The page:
Having trouble making exercise a habit? Maybe try joining an online social network.
New research from the University of Pennsylvania suggests simple reminders that other people are working out are more powerful motivators than traditional advertising.
In the study, scientists recruited about 200 graduate students and offered them free exercise classes for a semester. A third were prodded to attend with videos and messages, while another third were assigned to an ad hoc online social network, and the others were left alone.
The conventional advertising method initially boosted participation, but the students given the peer network were much more likely to stick with their new routines. By the end of the 13 weeks, those in the network group were working out 1.6 days per week more than at the beginning of the experiment — roughly double the rate of the other groups.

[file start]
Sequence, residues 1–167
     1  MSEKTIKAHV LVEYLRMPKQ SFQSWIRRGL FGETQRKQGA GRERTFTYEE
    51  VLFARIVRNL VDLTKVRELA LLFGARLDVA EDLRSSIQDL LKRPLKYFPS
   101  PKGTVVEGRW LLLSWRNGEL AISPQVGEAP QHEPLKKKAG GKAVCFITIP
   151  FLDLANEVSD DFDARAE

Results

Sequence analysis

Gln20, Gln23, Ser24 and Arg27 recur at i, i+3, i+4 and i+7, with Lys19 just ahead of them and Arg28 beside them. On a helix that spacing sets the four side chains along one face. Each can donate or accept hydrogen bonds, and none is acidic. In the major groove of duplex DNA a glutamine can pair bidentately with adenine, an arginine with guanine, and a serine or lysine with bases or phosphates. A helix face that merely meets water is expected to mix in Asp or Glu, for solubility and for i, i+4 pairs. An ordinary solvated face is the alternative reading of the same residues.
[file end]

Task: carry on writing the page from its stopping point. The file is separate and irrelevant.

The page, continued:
"Through just recording and distributing people's basic activities, it creates a self-reinforcing dynamic where people are encouraged by other people's actions," said Damon Centola, a professor of communications at Penn's Annenberg School, and senior author of the study.
The results were published in the journal Preventive Medicine Reports.
The idea of using social networks to encourage people to get into shape also occurred to Rowan University senior Nick Dennis last year. Together with several recent Rowan graduates, he's working on creating an app called fitDegree that helps users find nearby gym buddies.
"The idea is that you could find a different workout partner for any day of the week, depending on what you want to do," he said. "Any time you have someone constantly pushing you and motivating you, it helps you be better."
Dennis and his team won several funding awards from their school and plan to launch the app in time for 2016 New Year's resolutions.